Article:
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Looking Deep

March 21, 2017

Earth and the solar system’s other rocky planets probably grew as smaller blobs of rock and metal slammed together, forming ever larger bodies. As they grew, gravity pulled heavier materials — iron and nickel — toward the middle, forming their cores. Lighter materials floated toward the top, forming the mantle and crust.

We can’t actually see the cores of these worlds. But a new NASA mission may be able to show us the next-best thing: the core of a possible protoplanet, one of the building blocks of planets.

Psyche will orbit an asteroid of the same name. The asteroid is a chunk of metal about 150 miles in diameter — the biggest metallic asteroid in the solar system. It could be the surviving core of a protoplanet. The little object’s outer layers could have been blasted away by collisions with other asteroids, leaving only its dense metallic core.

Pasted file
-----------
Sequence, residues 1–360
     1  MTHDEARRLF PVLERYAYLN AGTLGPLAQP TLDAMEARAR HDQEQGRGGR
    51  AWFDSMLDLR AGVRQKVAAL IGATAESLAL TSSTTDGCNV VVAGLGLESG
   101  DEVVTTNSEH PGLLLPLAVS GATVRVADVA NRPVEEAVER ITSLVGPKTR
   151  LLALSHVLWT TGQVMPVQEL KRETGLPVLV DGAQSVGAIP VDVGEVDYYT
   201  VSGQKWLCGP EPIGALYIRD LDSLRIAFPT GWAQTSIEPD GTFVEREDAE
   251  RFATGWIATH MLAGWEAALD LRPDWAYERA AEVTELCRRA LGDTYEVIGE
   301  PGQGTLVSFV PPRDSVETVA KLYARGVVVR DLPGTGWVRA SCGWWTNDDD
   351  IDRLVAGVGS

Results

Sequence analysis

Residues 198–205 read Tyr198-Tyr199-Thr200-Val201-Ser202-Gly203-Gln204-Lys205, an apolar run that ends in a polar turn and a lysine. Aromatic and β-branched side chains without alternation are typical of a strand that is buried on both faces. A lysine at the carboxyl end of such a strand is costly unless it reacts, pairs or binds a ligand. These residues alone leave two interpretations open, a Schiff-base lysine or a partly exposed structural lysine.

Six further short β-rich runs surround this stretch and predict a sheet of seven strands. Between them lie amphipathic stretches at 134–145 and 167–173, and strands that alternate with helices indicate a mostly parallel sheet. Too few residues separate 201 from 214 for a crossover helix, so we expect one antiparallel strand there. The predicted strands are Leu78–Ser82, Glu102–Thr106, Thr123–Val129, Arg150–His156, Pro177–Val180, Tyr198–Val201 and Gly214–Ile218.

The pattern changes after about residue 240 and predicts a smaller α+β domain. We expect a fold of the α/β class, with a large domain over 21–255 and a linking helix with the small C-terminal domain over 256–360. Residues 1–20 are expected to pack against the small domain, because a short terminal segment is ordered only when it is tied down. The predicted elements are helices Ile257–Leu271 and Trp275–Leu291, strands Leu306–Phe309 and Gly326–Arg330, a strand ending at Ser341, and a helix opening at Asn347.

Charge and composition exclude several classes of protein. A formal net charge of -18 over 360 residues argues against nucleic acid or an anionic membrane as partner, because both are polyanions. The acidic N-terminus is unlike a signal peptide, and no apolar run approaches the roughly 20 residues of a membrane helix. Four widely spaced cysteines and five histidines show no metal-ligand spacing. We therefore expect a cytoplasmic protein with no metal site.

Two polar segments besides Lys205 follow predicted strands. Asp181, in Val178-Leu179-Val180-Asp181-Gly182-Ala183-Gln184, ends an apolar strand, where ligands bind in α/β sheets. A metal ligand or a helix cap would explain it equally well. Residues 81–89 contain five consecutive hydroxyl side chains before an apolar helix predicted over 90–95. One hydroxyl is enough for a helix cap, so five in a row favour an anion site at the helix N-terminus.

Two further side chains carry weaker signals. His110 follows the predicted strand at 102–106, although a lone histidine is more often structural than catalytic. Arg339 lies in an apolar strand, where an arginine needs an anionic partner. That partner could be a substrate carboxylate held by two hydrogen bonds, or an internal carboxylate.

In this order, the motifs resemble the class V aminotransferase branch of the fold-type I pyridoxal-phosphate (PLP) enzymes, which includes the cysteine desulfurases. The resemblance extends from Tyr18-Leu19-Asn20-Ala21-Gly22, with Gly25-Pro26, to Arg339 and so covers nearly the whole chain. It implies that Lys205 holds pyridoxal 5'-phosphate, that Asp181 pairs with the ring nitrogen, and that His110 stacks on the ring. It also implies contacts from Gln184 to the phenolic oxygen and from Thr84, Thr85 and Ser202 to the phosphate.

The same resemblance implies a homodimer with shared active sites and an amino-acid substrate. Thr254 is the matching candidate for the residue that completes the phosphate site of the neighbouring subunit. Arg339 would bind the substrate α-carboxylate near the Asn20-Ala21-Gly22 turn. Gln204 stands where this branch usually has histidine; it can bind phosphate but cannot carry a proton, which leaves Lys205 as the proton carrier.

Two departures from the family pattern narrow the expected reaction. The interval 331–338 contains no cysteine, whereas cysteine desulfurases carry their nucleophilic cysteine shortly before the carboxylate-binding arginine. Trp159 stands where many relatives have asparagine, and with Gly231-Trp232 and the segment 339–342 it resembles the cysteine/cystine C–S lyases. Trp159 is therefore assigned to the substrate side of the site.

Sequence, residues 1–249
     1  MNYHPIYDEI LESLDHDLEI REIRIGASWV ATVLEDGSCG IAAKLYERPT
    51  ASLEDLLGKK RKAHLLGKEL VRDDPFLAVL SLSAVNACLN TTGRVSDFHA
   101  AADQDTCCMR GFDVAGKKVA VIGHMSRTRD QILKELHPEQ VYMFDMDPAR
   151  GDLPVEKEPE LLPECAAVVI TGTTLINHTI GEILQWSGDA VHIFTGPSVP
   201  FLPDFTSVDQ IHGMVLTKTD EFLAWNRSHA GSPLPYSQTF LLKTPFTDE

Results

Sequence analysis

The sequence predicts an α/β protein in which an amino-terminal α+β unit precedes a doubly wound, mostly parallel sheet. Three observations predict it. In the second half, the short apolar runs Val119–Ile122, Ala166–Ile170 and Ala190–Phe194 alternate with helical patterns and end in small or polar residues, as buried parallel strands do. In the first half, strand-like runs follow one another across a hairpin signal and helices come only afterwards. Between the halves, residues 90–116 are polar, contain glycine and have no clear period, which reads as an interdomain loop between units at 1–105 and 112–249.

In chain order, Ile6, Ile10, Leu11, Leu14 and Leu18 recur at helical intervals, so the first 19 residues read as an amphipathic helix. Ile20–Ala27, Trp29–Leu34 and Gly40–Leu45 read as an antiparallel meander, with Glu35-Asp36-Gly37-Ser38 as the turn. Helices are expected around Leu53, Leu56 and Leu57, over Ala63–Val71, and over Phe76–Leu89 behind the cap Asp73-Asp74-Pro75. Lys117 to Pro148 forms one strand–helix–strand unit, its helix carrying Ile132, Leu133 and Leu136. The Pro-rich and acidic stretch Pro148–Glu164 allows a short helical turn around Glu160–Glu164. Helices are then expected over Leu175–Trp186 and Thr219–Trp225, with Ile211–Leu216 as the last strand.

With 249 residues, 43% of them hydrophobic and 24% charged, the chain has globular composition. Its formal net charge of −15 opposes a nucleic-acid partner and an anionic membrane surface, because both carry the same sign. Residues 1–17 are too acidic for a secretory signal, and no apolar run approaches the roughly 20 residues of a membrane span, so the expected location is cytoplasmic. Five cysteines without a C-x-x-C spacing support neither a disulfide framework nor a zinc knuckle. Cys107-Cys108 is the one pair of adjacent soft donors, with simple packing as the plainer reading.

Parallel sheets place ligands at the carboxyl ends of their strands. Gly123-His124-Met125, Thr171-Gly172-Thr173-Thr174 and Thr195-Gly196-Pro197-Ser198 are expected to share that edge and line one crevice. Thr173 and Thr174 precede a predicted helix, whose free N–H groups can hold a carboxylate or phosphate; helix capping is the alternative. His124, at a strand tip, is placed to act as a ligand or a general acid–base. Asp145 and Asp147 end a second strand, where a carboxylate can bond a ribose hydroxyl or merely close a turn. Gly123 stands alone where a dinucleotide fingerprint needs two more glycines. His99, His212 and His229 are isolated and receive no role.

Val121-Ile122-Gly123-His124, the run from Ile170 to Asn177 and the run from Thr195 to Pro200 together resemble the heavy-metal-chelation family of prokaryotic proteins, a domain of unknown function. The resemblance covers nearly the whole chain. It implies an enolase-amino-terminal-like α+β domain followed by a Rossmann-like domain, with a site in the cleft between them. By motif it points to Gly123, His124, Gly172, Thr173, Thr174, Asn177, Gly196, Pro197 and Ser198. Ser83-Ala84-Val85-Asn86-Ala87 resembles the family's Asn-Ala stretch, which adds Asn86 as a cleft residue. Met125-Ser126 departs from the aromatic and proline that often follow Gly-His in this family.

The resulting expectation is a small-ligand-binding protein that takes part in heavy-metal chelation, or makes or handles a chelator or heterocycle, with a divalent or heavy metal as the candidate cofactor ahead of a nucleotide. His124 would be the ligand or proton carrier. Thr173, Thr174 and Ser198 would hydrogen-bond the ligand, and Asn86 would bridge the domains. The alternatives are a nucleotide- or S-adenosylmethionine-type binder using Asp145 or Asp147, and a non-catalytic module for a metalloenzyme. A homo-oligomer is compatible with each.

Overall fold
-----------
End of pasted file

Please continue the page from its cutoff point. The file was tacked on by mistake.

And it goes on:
Observations by ground-based telescopes show that 90 percent of its surface is made of iron. The rest is made of various minerals. A close-up inspection of those minerals could confirm that Psyche is the leftover core of a protoplanet. On the other hand, it could show that the minerals came from impacts with other asteroids, telling us that Psyche never had a mantle or crust.

Either scenario will reveal more about how the inner planets formed and how they grew, and perhaps give us a hint of what their metallic cores look like.

We’ll talk about some other future missions of discovery tomorrow.


Script by Damond Benningfield

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